The 9th Circle of Story Structure Hell
Hello friends,

While many were enjoying festive cookouts with family and friends over the long weekend, I spent much of Saturday sitting on my couch, under a blanket (it turned cold in Boston!) trying desperately to work my way out of the 9th circle of story structure hell.

Okay, I'll admit it. The 9th circle of story structure hell does not actually exist. And I'm sure that Dante -- no stranger to story structure -- would be horrified that I've appropriated his allegory in this way.

But when you're in story structure hell, you have a lot of time to consider how your current story structure dilemma compares to other -- less torturous -- conditions.
Cool photo of Dante's Divine Comedy by Tbel Abuseridze on Unsplash.
And so, with no further ado, I present to you: The Nine Circles of Story Structure Hell.

Circle 1: This Story Writes Itself!

I've only had this happen to me once. It was ah-mazing!

The year was 2005. I was covering the World Aquatics Championship in Montreal. It was the height of the Michael Phelps era, and hordes of media had descended on the venue, scrambling to get just one quote from the future most decorated Olympian of all time.

Instead, I had the crazy idea to interview other US swimmers and ask them the world's shortest list of questions.

Who are you?

What is your best event?

What's one thing you can do better than Michael Phelps?


The conceit was so simple, and it was so much fun. I think I interviewed five athletes. And I'd be shocked if the story took me more than 10 minutes to write. It was probably more like 5.

I'm not even exaggerating.
Circle 2: Just Gotta Clean Up the Chronology

There are some magical, wonderful, introspective people who have a story to tell and know how to tell it. These people will give you details and dialog. They'll pause to reflect… without even being asked. They might even wrap the whole thing up in a bow for you.

But there will still be a little work to do. They'll likely tell the story just a touch out of order -- rewinding once or twice to add details they forgot to mention. They'll probably include some details that aren't necessary. And sometimes they'll get a little wordy.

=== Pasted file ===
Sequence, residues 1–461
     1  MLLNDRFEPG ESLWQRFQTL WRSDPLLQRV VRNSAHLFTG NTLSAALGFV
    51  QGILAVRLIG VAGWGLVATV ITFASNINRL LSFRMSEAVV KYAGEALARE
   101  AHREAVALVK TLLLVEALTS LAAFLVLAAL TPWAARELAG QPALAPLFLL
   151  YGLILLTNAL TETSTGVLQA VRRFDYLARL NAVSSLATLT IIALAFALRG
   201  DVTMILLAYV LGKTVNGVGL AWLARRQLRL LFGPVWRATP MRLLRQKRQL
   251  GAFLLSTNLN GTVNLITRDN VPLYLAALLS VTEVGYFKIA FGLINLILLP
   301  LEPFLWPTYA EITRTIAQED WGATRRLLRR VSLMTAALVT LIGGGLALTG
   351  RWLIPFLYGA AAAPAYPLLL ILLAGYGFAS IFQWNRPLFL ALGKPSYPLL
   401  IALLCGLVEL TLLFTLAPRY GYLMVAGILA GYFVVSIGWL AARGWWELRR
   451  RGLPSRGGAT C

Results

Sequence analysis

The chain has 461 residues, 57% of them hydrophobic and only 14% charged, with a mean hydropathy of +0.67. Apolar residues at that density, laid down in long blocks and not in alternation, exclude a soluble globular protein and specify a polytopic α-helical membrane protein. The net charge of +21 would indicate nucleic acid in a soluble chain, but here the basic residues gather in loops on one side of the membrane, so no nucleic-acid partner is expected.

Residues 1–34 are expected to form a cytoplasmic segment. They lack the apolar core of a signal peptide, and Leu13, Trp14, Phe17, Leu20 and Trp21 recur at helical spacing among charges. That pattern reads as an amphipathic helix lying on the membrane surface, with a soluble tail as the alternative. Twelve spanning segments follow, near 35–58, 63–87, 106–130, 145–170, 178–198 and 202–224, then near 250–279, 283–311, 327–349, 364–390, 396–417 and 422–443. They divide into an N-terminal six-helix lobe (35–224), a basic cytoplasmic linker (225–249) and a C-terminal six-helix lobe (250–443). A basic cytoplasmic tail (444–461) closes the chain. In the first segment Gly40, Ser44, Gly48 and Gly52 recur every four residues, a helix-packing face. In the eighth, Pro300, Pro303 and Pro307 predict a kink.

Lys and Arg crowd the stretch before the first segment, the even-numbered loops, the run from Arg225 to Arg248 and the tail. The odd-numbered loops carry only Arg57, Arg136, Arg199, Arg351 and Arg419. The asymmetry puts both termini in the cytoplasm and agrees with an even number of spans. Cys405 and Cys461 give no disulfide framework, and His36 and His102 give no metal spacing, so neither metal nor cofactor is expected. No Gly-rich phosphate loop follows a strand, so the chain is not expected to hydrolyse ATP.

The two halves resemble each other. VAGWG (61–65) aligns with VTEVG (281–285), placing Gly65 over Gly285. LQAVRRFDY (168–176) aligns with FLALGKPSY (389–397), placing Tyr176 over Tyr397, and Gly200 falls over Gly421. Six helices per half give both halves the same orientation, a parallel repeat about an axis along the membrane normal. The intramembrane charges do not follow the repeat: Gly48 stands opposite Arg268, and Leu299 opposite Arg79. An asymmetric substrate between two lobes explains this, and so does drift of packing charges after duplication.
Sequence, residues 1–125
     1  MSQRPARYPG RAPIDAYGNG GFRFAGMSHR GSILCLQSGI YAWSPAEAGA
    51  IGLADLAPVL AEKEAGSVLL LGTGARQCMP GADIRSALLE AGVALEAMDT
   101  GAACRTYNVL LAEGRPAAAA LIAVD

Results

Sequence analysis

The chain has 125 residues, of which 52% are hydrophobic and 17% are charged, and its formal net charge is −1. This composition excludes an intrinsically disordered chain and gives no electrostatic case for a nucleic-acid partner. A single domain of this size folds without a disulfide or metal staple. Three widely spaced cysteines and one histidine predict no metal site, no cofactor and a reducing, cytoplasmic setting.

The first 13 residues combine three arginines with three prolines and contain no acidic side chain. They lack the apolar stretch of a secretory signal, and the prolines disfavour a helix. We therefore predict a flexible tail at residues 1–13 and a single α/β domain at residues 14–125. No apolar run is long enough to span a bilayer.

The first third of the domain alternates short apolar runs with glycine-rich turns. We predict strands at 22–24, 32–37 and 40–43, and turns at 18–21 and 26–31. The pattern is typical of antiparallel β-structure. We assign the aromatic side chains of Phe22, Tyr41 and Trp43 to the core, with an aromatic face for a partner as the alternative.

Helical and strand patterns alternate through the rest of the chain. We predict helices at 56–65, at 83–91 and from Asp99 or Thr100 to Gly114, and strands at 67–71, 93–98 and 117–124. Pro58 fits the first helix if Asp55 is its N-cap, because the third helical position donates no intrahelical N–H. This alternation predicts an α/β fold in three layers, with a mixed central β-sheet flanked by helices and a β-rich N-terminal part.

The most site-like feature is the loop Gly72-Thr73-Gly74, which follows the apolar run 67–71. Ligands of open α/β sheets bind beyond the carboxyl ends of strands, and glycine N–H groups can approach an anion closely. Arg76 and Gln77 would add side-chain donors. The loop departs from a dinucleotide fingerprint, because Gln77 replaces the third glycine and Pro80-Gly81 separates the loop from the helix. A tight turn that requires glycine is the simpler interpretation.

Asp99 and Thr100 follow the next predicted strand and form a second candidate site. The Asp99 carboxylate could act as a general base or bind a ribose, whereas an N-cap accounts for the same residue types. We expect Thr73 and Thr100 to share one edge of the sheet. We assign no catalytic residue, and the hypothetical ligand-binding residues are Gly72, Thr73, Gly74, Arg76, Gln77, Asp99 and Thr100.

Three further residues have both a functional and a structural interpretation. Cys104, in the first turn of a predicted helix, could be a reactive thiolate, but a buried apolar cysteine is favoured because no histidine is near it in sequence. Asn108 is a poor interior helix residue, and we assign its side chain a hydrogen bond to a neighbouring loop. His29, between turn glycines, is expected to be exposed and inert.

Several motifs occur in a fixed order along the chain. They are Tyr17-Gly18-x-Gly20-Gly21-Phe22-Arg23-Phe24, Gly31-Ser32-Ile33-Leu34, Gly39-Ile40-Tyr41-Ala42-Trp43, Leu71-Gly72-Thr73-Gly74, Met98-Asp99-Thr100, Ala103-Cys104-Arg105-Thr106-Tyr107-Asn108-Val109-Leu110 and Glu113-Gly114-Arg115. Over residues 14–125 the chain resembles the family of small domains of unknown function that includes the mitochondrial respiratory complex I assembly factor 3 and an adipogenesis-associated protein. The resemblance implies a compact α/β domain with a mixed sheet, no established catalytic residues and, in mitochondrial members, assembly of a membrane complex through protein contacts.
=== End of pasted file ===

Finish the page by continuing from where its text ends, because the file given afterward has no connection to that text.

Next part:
All you gotta do is get everything in order, trim the fat, and replace the wordy bits with some clean narration. Easy peasy.
Circle 3: Clear Chronology, Two Voices

Okay, so imagine the above scenario, but with two people telling the same story.

Now you've gotta decide how to switch back and forth between the two voices while still making sure the story keeps moving forward.

(So, for example, if person A tells you that they walked to the store, person B can mention the name of the store or what they went there to buy -- but they absolutely, positively should not tell us that they walked to the store! They also should not rewind and tell us something that happened before they walked to the store.)

These are often my favorite stories to work on. I love working directly with the audio -- not a transcript -- so that I can make sure I'm picking the most vibrant clips.
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Circle 4: Too Many "e" Options

I encountered this problem just this week! I was talking to a pair of producers who are working on a story that I'll be editing. (Hi Sheeba and Kim!) We had previously talked about an "e" structure -- starting the story at a tension point and then rewinding to tell the story from the beginning.

In our first conversation, we picked our "tension point." But this time, as we talked, Sheeba mentioned something she had discovered in her research. Kim and I both had an immediate emotional reaction. The detail was so compelling! And I wondered out loud, should this be the top of our "e"?

The truth is, it might be a terrible idea. Even though its a great moment, it might require too much explanation to really function as the beginning of the story. We might want to hold that moment for later in the piece, to allow the anecdote to really land.